The necessity of the cut-paste-warp scheme for generating ROI-only frames was justified by comparing results with and without the scheme. The scheme significantly improved the performance for the "grinding" class, demonstrating its effectiveness. Lite3D outperformed other models, including 3DCNN, C3D, and BCS-YOLOv5, in terms of precision, recall, F1-score, frames per second (FPS), and the number of free parameters. BCS-YOLOv5, solely based on object detection, exhibited lower precision due to more false-positive predictions.

Visual results from a test video with multiple fish frames demonstrated Lite3D's ability to differentiate between normal and anomalous behaviors. Lite3D successfully detected a fish returning to a "normal" swimming posture, outperforming other models in this aspect.

In terms of speed, Lite3D proved to be 3 to 5 times faster than the YOLOv4-tiny object detector, achieving 98 fps on RTX2080 and 39 fps on Jetson Xavier™ NX. This speed made Lite3D suitable for real-time edge-computing applications on remotely operated vehicles (ROV) or autonomous underwater vehicles (AUV).


The Lite3D model was designed with four convolutional layers and three pooling layers, utilizing a lightweight architecture for real-time processing in underwater behavior recognition. It employed a 3D CNN to handle spatiotemporal data efficiently. Replacing fully connected (FC) layers with convolutional layers aimed to reduce trainable parameters, enhancing resilience to overfitting and improving generalization, especially with limited training data. Lite3D incorporated a cut-paste-warp scheme to generate ROI sequences for training and employs focal loss for effective learning, addressing imbalanced category numbers and focusing on challenging data.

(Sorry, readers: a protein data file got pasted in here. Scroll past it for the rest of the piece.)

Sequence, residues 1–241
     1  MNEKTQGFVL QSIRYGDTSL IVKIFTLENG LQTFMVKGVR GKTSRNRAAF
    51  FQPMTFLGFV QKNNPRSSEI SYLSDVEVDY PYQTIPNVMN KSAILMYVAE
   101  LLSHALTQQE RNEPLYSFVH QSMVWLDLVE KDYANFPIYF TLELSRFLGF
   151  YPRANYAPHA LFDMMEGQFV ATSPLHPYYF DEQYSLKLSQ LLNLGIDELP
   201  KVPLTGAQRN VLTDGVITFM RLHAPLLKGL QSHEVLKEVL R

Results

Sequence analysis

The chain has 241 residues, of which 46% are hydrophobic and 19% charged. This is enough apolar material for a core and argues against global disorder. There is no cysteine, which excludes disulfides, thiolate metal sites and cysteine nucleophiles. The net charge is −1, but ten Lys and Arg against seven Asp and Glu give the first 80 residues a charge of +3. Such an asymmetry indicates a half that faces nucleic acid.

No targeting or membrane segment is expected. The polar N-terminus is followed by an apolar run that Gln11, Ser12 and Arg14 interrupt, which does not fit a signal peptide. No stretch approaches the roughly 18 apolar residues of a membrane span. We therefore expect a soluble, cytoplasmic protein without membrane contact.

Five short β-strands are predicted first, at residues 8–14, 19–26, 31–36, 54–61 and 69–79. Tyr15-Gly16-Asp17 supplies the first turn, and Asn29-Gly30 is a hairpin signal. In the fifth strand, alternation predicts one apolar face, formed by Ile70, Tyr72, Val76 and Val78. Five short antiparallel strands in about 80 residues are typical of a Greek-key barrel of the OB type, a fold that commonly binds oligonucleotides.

The architecture included a multi-thread tracking algorithm working with YOLOv4_tiny for ROI sequence generation. The prediction phase involved tracking and predicting the positions of targets using a linear predictor. New targets were added, and lost targets were removed based on tracking performance.


In conclusion, Lite3D, a compact model, outperformed 3D CNN and C3D in underwater behavior recognition with only 1/57 of trainable weights. Its minimal size, 1/50 of counterparts, does not compromise performance. Lite3D preserved spatial and temporal information via warping and 3D convolutions. The method aided disease detection in marine life and offered potential for aquaculture.

Future improvements may involve Squeeze-and-Excitation Networks and computational optimization. Integration with detectors and tracking is also crucial for robust performance in complex underwater conditions.

Journal reference:
Soham Nandi

Written by

Soham Nandi

Soham Nandi is a technical writer based in Memari, India. His academic background is in Computer Science Engineering, specializing in Artificial Intelligence and Machine learning. He has extensive experience in Data Analytics, Machine Learning, and Python. He has worked on group projects that required the implementation of Computer Vision, Image Classification, and App Development.